Things the FTC doesn’t do: hold sweepstakes and give away cash prizes

Scammers are really getting meta- these days; it seems people have received phone calls, allegedly from the Federal Trade Commission (FTC), informing them that they have won a large cash prize in a sweepstakes.

Among other duties, the FTC normally tries to protect consumers from scams. I guess the victims are supposed to think, “Well, surely if this call’s from the FTC, it’s legitimate.” Never mind the years of warnings that all begin with, “No matter who a caller claims to be…”

Naturally, the victim is told they have to pay taxes and fees up front by wiring between $1,000 and $10,000 to someone. So it’s a standard-issue sweepstakes scheme.

Folks, you can argue about whether different government agencies waste money or not until you’re blue in the face, but I can assure you of a couple things:

  1. The FTC isn’t running a sweepstakes and does not give away cash prizes.
  2. The FTC has never given away cash prizes (unless “giving away cash prizes” actually means “nailing rogue debt collection agencies to the wall” in some obscure regional dialect, which it doesn’t).
  3. The FTC is never going to run a sweepstakes. Or give away (say it with me) cash prizes.
  4. Whenever you do hear about a government agency giving a person or organization money for something, those aren’t sweepstakes prizes, and it’s not a random selection process. Those are grants, and the recipients had to apply for them. It’s a vastly different thing.

Also, you’d do well to remember this little nugget: it doesn’t matter if a caller claims to be from the FTC, the FBI, the ATF, Microsoft, Canada, or your Aunt Tilly, if they’re saying you won a sweepstakes you never entered and asking you to pay money up front before receiving the prize, they’re running a scam.

I haven’t run into an exception to that rule yet.


This one is just dandy:

Date: Thursday, February 11, 2010 8:35 PM
To: undisclosed-recipients:
Subject: YOU HAVE WON (£ 500.000.00 GBP)

YOU HAVE WON (£ 500.000.00 GBP)

 You are to Fill the below details…

5. OCCUPATION…………………6. SEX………..

Yours Sincerely,

Esta mensagem foi verificada pelo sistema de antivírus e
 acredita-se estar livre de perigo.

Do I even need to tell you this is a scam? Probably a 419-style setup; after you contact them, they’ll have you wiring money overseas to pay “fees” for a prize that will never arrive.

There are some things I really love about this:

  1. “Microsoft National Lottery.” I wasn’t aware Microsoft was its own nation. Facebook, on the other hand
  2. Scam emails usually have some clunky English, but the language is butchered beyond belief in this one. Whoever wrote this hasn’t even got the rudiments wired.
  3. “Mr. Alex Winter Fall.” A man for all seasons (or at least two of them).
  4. Isn’t Microsoft based in the United States? What would they be doing hosting lotteries in the UK and handing out British Pounds to random people?
  5. Hotmail is owned by Microsoft, so they somehow managed to get something almost right. However, a real email from the company would be hosted at
  6. Does anybody honestly believe that large corporations just give away millions of dollars to random people? They don’t. Not even the richest ones.
  7. I wonder why the virus scanning information at the bottom of the email would be in Spanish, if this were actually sent from the U.K. to a U.S. recipient.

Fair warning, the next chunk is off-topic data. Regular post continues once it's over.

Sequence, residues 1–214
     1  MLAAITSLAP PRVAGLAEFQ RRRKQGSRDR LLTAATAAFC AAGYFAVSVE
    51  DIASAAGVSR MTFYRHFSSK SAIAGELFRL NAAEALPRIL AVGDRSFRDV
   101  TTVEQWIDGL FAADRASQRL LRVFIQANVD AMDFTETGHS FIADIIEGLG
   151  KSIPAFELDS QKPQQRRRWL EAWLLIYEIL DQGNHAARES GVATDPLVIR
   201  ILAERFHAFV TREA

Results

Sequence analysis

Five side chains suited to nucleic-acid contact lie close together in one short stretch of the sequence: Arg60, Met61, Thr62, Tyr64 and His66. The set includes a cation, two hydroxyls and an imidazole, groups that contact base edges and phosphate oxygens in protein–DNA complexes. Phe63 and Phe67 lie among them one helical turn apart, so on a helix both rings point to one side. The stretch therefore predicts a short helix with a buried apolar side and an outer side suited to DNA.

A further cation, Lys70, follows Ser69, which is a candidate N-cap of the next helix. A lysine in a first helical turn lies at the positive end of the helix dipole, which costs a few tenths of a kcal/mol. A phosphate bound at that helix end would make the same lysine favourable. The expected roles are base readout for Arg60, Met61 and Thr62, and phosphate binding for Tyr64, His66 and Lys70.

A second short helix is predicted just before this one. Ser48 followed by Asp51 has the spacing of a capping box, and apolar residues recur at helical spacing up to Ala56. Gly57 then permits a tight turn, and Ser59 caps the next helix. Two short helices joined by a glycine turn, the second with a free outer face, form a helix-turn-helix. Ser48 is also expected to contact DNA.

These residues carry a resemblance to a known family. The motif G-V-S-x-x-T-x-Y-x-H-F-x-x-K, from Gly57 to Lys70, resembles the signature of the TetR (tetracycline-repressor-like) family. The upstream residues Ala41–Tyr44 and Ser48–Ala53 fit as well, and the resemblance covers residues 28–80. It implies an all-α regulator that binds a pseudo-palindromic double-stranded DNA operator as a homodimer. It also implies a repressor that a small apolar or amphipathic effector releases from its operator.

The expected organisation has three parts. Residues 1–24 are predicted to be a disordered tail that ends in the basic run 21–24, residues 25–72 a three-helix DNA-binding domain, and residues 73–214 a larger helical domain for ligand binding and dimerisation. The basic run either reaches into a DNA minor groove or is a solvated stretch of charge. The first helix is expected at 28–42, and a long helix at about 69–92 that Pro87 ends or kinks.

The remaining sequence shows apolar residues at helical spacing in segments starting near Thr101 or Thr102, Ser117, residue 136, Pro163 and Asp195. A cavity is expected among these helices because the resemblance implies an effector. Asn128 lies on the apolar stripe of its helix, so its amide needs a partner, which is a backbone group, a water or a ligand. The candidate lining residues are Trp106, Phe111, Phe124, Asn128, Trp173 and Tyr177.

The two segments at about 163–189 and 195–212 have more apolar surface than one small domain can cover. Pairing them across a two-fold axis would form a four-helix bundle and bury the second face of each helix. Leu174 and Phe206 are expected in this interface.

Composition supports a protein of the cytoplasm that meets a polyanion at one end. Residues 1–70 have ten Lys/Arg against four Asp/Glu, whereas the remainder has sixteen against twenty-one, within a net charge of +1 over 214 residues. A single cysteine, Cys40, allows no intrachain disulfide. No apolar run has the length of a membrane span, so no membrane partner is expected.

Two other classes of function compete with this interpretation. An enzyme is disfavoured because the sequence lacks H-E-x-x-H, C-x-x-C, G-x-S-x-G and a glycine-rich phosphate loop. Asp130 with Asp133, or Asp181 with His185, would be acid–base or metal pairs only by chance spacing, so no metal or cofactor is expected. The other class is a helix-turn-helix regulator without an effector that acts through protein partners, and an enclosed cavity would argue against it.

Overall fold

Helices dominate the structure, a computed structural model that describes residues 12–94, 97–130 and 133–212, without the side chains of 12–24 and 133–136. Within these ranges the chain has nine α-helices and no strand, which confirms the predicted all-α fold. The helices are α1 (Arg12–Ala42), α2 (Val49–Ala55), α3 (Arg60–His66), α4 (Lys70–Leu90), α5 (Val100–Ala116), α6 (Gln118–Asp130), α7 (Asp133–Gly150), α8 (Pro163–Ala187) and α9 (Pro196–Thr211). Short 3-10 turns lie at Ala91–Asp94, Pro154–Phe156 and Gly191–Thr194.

8. “Microsoft E-mail Award-Winning Draws.” Not a very snappy name, is it?

Jokes about linguistic butchery aside, I actually think this message isn’t targeted to native English speakers. These things go all over the world, and if you only know a little English (or none), you might not immediately realize how “off” the grammar and spelling are.

Publisher’s Clearing House scam: Don’t hold your breath waiting for the Prize Patrol.

This was a new one on me.

The other day, a REGIONAL member called the credit union because he had received an interesting phone call.

The caller claimed to represent Publisher’s Clearing House and informed the member that he had won something like three million dollars, and that the Prize Patrol would be stopping by his house that day.

However, in order to claim his prize, he had to pay some sort of fee up front—$3,500, to be paid via wire transfer immediately or the prize would be forfeit.

Well, our member didn’t take the bait at all. It was yet another version of the same old advance fee fraud.

I wondered if this was a local job, since Publisher’s Clearing House was kind of a goofy choice. Well-organized fraud rings are usually a little sneakier than that (they’re just as easy to see through, though, if you’re paying attention).

No matter, though—the takeaway here is that in a legitimate sweepstakes, you never send money first in order to claim your winnings.

What is a Nigerian 419 scam?

In the world of fraud prevention, you’ll see the term “Nigerian 419 Scam” come up quite a lot. But what is it?

Simply put, a Nigerian 419 scam (or just “Nigerian scam”) is a type of advance fee fraud; the victim sends or wires money to the scammer in hopes of receiving a large payout. Naturally, this payout never comes.

In the early days of the scheme (1980s), crooks used postal mail and fax to try and hook people, but email is the preferred medium today—you can send millions of messages at the same time, for free.

Here’s the hook: the con artist claims to be a relative of a deposed dictator, an African prince living in exile, a government employee, banker, or similar. In every case, they claim to know of a large sum of money, either their own or someone else’s, but need your assistance in obtaining it. In return for your help, they will give you a percentage of the fortune, usually to the tune of several million dollars.